Waterwise Botanicals: succulent heaven (part 2 of 2)
I hope part 1 of my post about Waterwise Botanicals in San Diego's North County didn't overwhelm you. If it did, buckle up because you're about to be overwhelmed some more.
As I mentioned earlier, Waterwise Botanicals is a 20-acre nursery that specializes in succulents but also carries other drought-tolerant plants. Their selection is huge, and their prices are reasonable. I'd rate it a must-see stop on any San Diego County nursery tour, especially for people from Northern California and other corners of the world where that kind of nursery simply doesn't exist. (If you're a collector who already has all the common stuff you may have to look a little harder, but you never know you'll find.)
Part 1 focused on the retail area near the entrance. Part 2 covers the rest of the operation, including the demonstration garden and the growing grounds. It's OK to be jealous of the climate and all the plants they can grow in San Diego; I certainly went home wishing I didn't have to worry about freezes ever again.
The demonstration plantings (what they call the Desert Garden on the nursery map) aren't large but there are some nice specimens to admire.
|Tree aloe (Aloidendron barberae)|
|Wider view of the Desert Garden|
|The trichocereus in the foreground had dozens of flowers that were this close to opening|
|Desert spoon (Dasylirion wheeleri), Santa Rita prickly pear (Opuntia santa-rita) and golden barrels (Echinocactus grusonii)|
|Golden barrel (Echinocactus grusonii)|
|Animal bones as decoration—a bit too "Wild West" for me|
|Opuntia 'Desert Skies' (more info)|
|Fish hook barrel (Ferocactus wislizeni)|
|Dusty Miller (Jacobaea maritima) and prostrate form of elephant food (Portulacaria afra 'Variegata')|
|Lavenders and salvias|
|Lush vignette in the corner of the retail area|
|Wagon wheel goodness|
|Agave parryi var. truncata|
|Sales shack, aka the place where you pay for your purchases|
The next set of photos is of the growing grounds adjacent to Old Highway 395. I can't even begin to estimate how many individual 5-gallon containers there are. The overall effect is magical.
Virtually all of my photos have been of succulents, but as I mentioned, Waterwise also sells roses. Lots and lots of roses!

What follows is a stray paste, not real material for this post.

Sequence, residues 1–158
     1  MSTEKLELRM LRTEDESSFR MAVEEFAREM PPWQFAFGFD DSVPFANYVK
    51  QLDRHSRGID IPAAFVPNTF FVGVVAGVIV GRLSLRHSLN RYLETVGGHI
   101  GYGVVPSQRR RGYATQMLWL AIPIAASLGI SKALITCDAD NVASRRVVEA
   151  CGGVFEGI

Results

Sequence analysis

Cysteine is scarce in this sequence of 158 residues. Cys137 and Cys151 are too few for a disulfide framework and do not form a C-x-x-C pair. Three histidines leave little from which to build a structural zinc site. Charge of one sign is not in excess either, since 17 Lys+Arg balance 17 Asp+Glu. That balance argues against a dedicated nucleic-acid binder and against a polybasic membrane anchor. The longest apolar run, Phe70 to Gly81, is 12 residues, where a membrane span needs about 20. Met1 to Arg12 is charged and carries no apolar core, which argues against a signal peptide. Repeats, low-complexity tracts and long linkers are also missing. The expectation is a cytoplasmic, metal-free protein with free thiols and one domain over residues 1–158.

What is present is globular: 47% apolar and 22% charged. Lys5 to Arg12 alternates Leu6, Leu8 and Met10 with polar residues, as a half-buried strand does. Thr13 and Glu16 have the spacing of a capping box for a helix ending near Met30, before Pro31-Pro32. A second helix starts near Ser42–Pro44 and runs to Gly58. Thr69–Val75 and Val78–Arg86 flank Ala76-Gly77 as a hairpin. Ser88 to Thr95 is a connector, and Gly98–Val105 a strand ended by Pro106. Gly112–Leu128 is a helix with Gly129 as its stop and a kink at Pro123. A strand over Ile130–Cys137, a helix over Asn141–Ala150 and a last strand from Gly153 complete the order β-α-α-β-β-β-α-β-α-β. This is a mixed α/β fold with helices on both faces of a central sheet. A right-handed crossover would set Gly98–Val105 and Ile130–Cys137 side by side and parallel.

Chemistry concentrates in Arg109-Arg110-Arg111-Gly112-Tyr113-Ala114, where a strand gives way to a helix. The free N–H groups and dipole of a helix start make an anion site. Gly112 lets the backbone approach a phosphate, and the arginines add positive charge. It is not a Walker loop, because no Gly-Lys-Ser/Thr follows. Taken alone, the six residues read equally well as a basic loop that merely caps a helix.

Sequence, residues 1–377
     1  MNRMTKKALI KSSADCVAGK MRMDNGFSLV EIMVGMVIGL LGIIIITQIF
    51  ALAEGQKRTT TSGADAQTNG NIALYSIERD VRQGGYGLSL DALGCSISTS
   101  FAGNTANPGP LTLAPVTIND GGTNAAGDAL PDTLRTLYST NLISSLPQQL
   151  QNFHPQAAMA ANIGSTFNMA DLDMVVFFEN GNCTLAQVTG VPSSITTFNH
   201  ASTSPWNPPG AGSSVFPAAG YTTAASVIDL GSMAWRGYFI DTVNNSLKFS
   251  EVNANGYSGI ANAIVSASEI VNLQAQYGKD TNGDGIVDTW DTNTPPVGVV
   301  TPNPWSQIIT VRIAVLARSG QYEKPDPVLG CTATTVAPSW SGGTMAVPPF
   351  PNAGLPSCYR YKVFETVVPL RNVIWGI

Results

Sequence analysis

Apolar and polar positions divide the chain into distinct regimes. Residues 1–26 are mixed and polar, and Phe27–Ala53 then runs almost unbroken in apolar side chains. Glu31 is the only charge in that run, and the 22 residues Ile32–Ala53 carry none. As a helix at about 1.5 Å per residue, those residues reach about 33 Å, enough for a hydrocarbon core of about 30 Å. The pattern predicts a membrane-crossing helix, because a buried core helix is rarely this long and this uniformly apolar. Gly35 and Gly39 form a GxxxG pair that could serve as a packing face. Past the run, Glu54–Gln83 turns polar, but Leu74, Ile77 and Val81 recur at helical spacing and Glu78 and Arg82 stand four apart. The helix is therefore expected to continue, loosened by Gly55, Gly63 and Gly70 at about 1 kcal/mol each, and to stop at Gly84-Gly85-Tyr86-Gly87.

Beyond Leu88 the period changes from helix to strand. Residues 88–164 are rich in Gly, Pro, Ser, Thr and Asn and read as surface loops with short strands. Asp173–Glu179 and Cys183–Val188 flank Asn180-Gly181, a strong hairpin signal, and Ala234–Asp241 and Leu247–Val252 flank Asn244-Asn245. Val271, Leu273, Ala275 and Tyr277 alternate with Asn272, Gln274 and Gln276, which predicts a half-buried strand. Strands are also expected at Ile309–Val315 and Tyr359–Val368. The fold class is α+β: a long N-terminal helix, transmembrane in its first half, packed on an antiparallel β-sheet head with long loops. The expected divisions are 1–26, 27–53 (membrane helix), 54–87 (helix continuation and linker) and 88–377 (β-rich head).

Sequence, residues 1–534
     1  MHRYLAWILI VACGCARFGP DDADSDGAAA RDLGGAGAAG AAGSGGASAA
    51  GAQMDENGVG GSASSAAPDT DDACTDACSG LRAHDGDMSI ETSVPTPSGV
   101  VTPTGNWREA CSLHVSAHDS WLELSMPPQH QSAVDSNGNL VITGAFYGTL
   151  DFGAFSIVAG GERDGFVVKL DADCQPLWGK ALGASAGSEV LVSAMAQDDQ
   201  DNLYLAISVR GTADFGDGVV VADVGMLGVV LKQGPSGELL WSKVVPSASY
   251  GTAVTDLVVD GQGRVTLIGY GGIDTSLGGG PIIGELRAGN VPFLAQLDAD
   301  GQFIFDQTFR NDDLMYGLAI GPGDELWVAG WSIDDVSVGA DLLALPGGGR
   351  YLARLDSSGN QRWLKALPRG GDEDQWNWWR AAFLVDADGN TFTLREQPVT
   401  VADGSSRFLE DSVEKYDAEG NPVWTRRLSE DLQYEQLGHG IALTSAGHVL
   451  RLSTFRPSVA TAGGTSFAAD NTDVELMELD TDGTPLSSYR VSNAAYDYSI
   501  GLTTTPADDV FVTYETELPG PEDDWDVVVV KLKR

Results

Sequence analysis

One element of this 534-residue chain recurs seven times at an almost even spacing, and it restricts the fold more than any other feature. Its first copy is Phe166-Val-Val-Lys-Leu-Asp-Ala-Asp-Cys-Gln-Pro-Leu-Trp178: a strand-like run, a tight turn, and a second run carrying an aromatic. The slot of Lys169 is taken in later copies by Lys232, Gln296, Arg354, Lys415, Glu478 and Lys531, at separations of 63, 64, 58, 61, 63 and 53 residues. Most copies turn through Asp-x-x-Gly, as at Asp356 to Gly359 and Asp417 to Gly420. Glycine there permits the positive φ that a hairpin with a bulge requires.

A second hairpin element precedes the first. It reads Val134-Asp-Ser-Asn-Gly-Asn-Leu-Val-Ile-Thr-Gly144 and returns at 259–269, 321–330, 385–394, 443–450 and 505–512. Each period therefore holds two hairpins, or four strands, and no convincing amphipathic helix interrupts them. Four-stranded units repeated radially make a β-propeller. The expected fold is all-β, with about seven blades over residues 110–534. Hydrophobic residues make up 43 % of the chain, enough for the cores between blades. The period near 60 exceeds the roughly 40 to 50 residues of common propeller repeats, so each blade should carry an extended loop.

One of the reasons why I want a larger property is to have my very own piles of soil, ready to go when I need some:
More photos of the rows of plants in the center section of the property:
|Many succulents are sold in bowls—a concept that is new to me|
|Lots and lots of goodies|
|Since everything else is on a grand scale at Waterwise, they need an XXL-sized garden gnome with his own trailer|
|Looking towards the hills east of the nursery|
|Metal dinosaur—look for the flying pig below|
|Yucca rostrata, too|
|I assume this is a cardón (Pachycereus pringlei), not a saguaro (Carnegiea gigantea)|
The next group of photos is of Succulent Mosaic Mountain, the hillside on the eastern edge of the nursery. This is where particularly popular succulents are grown in the grown.
|Golden barrels will never go out of style (Echinocactus grusonii)|
|Portulacaria afra 'Variegata' appears to be very popular as well. Here in Northern California it's not quite hardy enough to be used in the landscape.|
|This tangled mass of purple darkness is made up of thousands of Aeonium 'Zwartkop'|
|Click the image to see a larger version with much more detail|
|Crown of thorns (Euphorbia millii) and a ripple jade (Crassula arborescens ssp. undulatifolia)|
|I'm fascinated by these uniform succulent tapestries|
|Proof that pigs do fly!|
|Euphorbia tirucalli 'Sticks on Fire' and some low-growing aeonium|
|And one final photo of the pond and the vendor tents|
As I was selecting photos for this post, I realized that I rarely take photos of people. You might think I'm a loner but I actually spend a lot of time yakking with others—I just don't take pictures of them. Maybe next time!
48-hour San Diego succulent madness
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